To the workshop!10 July, 2013
But then, disaster struck: the machine was accidentally knocked over one night and two crucial bits of plastic snapped off. These two white ‘thumbscrews’ hold the carriage together for knitting, but let you easily disassemble it to remove the all-too-common wool tangles.
Fix attempt #1: a collection of washers and nuts. Did the job, just about, but was a real pain to undo and redo every time.
Fix attempt #2: sometimes polymorph can remedy situations like this because of its ability to mould to screw threads, but in this case it just got stuck in the crevices of the machine and had to be melted back out with a hairdryer.
Fix attempt #3: to the workshop!
I found a piece of metal in the “teach people to weld” heap of scraps.
Having cut a short piece off, the next step was to drill a hole into it. I had trouble drilling the hole central and straight, but Paul showed me a nice trick: stick the metal cylinder into the chuck as if it were a drill bit, then lower it into a vice, secure it, and release it from the chuck.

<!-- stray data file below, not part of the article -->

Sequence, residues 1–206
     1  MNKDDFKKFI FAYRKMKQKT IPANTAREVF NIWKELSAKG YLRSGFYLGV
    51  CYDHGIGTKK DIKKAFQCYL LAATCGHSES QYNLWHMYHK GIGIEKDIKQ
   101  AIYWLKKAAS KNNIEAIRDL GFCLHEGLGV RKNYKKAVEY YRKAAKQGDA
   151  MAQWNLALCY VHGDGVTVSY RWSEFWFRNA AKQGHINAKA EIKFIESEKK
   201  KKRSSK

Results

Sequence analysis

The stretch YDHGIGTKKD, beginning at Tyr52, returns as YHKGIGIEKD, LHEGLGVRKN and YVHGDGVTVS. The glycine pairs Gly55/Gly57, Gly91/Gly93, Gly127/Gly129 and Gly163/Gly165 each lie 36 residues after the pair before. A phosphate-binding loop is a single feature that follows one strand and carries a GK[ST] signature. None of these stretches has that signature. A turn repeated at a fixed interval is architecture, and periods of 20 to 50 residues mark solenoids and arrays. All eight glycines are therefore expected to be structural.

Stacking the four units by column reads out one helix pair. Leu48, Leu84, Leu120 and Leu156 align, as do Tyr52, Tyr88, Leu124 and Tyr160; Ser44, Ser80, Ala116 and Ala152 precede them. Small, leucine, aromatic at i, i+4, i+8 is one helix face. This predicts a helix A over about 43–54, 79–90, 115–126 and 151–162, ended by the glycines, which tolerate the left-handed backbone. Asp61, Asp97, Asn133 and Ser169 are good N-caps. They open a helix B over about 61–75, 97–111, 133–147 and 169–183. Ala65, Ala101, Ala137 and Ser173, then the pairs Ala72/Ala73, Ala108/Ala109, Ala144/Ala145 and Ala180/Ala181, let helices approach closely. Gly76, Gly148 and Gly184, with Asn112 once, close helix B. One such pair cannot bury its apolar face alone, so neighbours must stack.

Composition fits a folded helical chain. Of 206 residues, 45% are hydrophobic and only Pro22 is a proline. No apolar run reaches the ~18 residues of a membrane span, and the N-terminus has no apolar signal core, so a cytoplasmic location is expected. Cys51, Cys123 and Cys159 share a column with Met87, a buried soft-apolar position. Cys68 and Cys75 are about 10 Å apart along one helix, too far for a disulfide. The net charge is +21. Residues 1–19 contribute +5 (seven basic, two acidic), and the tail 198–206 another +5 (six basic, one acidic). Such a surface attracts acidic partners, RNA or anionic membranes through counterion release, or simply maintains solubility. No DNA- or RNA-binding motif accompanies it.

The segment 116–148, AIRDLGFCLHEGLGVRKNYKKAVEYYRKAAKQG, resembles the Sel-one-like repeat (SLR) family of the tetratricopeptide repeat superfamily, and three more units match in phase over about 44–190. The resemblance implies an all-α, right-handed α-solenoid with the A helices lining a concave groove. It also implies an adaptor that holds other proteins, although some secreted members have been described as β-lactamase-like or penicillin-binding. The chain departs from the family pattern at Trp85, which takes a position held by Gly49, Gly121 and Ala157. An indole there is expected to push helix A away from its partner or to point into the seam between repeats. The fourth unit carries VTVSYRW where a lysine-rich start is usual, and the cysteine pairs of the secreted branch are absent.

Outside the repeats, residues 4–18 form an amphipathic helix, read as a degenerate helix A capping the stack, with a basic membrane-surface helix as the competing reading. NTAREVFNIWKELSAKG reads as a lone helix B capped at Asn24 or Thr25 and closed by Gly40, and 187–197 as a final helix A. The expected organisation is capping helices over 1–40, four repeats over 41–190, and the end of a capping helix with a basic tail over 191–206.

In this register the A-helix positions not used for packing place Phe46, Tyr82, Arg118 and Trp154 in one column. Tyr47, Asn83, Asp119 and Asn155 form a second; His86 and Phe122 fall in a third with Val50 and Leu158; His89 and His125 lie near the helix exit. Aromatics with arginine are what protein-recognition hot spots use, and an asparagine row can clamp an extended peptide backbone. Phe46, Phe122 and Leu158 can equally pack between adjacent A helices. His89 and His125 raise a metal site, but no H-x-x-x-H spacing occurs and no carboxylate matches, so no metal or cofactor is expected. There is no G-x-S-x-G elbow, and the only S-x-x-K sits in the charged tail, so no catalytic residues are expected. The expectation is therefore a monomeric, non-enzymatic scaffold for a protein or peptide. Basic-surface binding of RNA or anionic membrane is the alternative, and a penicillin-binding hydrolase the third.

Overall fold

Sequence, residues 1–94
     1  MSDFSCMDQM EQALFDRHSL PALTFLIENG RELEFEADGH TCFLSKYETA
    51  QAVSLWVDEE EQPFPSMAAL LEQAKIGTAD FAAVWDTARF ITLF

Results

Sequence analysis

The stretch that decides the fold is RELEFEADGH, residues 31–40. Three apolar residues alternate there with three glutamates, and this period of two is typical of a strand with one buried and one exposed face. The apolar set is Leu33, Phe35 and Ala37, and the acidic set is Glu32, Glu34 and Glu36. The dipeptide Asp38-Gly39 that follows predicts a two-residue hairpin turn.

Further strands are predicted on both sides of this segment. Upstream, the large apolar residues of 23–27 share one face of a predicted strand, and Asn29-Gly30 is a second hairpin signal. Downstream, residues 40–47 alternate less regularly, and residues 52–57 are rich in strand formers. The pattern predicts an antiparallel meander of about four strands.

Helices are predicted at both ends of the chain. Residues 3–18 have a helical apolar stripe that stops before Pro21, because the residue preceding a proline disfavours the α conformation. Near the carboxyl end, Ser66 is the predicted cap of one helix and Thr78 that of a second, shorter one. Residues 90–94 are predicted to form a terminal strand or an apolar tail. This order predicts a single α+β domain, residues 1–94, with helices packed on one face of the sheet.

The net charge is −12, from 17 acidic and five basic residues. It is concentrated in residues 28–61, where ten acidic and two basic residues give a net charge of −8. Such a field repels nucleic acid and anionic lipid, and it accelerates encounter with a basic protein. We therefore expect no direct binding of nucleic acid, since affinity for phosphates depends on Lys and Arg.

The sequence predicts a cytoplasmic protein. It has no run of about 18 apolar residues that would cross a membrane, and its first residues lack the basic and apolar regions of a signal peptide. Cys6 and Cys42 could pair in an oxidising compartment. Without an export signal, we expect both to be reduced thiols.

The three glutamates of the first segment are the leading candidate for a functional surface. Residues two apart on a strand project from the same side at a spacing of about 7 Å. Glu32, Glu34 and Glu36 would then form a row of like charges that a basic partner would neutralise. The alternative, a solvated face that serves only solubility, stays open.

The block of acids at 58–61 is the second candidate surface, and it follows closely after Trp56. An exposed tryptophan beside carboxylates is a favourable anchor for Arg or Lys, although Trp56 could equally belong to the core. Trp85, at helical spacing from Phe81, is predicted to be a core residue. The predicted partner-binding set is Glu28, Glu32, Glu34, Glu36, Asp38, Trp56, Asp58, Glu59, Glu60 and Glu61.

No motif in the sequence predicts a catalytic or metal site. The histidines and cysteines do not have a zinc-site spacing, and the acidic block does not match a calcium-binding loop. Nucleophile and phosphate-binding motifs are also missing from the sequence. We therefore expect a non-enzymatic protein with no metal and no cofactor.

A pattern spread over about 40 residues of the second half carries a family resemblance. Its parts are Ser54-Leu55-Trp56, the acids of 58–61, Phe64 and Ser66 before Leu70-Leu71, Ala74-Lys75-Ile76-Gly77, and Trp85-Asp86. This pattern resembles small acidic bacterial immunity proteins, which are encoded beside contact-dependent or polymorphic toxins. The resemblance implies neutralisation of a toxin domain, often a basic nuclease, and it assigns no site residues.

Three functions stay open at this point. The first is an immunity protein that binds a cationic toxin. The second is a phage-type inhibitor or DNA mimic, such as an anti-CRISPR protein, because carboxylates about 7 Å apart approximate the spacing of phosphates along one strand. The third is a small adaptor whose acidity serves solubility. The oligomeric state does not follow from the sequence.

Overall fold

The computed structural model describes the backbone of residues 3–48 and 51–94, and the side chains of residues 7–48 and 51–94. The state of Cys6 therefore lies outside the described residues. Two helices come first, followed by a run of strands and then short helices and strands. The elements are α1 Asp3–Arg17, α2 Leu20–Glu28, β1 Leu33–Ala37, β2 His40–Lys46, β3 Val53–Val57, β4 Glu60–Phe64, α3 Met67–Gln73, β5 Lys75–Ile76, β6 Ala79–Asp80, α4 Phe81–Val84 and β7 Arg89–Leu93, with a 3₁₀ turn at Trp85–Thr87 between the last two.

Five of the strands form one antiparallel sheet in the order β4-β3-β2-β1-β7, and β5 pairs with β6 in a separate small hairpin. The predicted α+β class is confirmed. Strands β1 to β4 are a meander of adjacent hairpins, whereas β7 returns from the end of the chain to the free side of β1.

Nice and central, and ready for drilling.
The hole needed a thread. TOG only has metric tap sets, and I’d expected the knitting machine to use imperial screw threads because of its age. To my surprise, the thread was metric. Paul thinks it was made in Japan where they’ve been using metric much longer.
Turn, turn back. Turn, turn back. Turn, turn back. Snap the tap off in the hole, order a new one on eBay, cut a new length of metal and start again. Turn, turn back, turn, turn back…
Finally the thread was cut. The end now had to be shaped to fit the carriage. This would have been much neater in a lathe, but we don’t have one. A file did the job instead.
Finished! The second one was much quicker to make, and the knitting machine is now back in action. I consider this a small victory against the tyranny of tiny broken pieces of plastic.
Although, maybe they should be painted a nice 70’s off-white to match the rest of it…